// .. Then validate install worked
nvm which <remote-version>

// .. And switch to use it
nvm use <remote-version>

2. Clone The Project

Once you've met the build requirements, you can download the SWA CLI codebase and configure it for local development using these steps:


The SWA CLI codebase is hosted here on GitHub and contains both the source code and the documentation files for the project.

First, fork the repository and clone it for local development.

git clone{YOUR_GITHUB_ACCOUNT}/static-web-apps-cli.git

Optionally, clone a specific branch using -b BRANCH_NAME:

git clone -b BRANCH_NAME{YOUR_GITHUB_ACCOUNT}/static-web-apps-cli.git

Next, switch your working directory to the SWA CLI project root:

cd static-web-apps-cli

Next, add an upstream remote pointing back to the original SWA CLI repository. This makes it easier to fetch updates and contribute PRs.

git remote add upstream

3. Build The Project

Install Deps

The package.json file describes the project's dependencies. Use the following command to setup your local development environment. The process may take a few minutes.

npm install

Build Dist

To build the SWA CLI distribution, run the folllowing command. This may take a few minutes.

npm run build

On successful completion, it creates a dist/ folder with the following contents (output cleaned up for clarity).

$  ls dist


Validate CLI

Validate that the CLI build works by running the following command:

node dist/cli/bin.js -h

You should see something like this. Your exact output will depend on the release version you are working with.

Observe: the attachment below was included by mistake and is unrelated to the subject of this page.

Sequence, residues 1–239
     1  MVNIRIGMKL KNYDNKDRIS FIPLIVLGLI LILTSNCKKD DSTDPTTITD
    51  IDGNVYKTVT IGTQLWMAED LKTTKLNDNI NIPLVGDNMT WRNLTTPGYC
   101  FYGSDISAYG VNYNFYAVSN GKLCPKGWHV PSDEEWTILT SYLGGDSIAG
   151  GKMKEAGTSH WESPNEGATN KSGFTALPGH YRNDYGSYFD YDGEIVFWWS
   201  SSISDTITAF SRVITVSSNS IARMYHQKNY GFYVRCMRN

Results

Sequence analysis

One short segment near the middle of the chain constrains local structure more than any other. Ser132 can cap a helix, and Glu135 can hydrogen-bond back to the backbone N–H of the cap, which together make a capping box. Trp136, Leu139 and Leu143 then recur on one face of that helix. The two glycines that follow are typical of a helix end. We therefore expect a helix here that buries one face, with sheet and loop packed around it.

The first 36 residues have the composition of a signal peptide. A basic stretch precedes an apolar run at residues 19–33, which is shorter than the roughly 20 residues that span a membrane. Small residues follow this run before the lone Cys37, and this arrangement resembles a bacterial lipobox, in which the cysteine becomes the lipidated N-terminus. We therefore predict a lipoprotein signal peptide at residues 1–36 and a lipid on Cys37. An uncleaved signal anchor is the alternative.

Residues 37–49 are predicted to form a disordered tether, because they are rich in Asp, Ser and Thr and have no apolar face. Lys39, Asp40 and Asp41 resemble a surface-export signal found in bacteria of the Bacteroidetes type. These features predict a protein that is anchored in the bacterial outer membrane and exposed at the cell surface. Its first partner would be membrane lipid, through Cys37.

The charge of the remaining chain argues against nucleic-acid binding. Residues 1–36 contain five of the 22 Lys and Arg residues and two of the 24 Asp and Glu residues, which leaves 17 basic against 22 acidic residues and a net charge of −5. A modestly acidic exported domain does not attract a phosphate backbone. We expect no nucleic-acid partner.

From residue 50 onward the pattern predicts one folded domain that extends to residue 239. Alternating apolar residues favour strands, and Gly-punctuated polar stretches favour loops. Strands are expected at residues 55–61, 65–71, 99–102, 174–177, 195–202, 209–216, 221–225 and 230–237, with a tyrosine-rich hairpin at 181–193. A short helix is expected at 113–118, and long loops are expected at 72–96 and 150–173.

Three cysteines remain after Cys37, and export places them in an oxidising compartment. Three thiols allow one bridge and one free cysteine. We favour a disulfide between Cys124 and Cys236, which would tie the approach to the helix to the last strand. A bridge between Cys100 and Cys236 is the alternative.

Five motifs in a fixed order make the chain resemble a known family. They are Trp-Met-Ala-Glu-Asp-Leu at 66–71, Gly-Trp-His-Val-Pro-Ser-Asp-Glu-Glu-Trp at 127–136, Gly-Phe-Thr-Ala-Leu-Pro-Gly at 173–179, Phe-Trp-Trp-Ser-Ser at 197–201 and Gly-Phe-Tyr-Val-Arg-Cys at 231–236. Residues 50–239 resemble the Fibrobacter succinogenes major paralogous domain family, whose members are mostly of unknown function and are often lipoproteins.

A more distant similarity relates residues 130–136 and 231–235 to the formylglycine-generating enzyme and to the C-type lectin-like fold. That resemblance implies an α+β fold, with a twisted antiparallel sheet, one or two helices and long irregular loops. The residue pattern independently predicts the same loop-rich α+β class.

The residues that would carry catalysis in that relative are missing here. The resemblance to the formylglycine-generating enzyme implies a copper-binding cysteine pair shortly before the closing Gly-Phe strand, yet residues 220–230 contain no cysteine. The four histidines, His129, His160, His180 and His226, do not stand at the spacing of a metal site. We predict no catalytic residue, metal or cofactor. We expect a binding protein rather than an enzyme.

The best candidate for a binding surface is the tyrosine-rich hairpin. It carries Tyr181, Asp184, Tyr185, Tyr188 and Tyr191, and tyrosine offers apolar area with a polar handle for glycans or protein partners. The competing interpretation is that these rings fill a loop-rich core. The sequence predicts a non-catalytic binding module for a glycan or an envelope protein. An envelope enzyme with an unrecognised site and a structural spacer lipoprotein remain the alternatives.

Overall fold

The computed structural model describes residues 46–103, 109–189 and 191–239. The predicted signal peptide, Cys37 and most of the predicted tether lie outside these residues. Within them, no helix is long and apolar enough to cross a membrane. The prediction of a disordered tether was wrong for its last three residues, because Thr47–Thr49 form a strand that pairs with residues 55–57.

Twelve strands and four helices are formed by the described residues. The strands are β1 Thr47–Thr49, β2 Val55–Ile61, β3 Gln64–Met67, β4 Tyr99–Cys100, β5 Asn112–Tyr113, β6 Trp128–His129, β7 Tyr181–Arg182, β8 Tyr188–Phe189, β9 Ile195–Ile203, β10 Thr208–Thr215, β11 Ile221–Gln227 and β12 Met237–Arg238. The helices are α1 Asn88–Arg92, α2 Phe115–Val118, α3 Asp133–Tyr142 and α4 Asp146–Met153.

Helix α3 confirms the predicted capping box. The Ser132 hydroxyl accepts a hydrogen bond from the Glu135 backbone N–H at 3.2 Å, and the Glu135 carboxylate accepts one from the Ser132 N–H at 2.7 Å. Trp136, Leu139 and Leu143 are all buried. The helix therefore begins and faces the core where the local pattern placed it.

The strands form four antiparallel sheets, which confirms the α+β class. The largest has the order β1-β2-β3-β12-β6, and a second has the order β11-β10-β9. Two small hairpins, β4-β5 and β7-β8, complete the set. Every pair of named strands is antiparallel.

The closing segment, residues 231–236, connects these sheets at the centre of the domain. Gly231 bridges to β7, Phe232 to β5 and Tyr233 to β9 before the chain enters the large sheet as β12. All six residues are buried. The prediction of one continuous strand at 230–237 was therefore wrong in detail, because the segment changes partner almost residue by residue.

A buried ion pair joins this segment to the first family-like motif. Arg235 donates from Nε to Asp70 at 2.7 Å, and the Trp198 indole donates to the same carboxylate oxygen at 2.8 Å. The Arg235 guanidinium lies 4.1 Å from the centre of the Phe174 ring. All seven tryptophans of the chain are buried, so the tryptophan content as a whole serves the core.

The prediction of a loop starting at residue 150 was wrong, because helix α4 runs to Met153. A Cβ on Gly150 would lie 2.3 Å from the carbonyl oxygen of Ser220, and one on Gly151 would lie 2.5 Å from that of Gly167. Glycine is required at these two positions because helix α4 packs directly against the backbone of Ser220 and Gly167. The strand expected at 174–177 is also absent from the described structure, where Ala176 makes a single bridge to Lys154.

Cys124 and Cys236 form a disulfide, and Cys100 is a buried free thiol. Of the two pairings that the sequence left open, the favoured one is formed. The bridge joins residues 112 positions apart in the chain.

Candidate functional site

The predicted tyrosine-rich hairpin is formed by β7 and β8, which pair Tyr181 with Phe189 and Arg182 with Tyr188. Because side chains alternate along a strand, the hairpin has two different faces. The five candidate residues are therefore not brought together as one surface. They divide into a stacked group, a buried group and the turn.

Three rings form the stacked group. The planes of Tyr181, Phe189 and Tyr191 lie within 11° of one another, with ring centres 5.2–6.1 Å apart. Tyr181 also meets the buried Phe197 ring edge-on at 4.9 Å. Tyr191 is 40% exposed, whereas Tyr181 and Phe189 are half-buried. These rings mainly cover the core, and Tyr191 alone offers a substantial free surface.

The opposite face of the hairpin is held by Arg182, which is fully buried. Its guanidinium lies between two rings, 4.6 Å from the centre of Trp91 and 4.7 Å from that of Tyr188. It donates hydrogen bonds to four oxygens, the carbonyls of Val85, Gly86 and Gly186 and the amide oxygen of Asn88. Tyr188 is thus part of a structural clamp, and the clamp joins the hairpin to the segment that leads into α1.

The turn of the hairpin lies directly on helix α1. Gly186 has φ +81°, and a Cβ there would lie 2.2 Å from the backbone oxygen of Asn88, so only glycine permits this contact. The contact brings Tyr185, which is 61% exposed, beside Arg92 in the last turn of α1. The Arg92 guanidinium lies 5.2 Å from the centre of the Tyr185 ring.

Welcome to Azure Static Web Apps CLI

Usage: swa [command] [options]

-v, --version output the version number
-V, --verbose [prefix] enable verbose output. Values are: silly,info,log,silent (default: "log", preset: "log")
-c, --config <path> path to swa-cli.config.json file to use (default: "swa-cli.config.json")
-cn, --config-name <name> name of the configuration to use
-g, --print-config print all resolved options (default: false)
-h, --help display help for command

login [options] login into Azure
start [options] [configName|outputLocation|appDevserverUrl] start the emulator from a directory or bind to a dev server
deploy [options] [configName|outputLocation] deploy the current project to Azure Static Web Apps
init [options] [configName] initialize a new static web app project
build [options] [configName|appLocation] build your project

Type "swa" to get started and deploy your project.



You have successfully built and run the SWA CLI in your local env.

4. Prep Contributions

If you forked the project with the intent of contributing back to the original codebase, we have three steps you need to take:

  1. Review the Contribution Guidelines
  2. Test your changes against a local project
  3. Format your source to align with our guidelines

Run Tests

Use this command to run all test suites on your project's PR-ready branch before you initiate the pull request.

npm test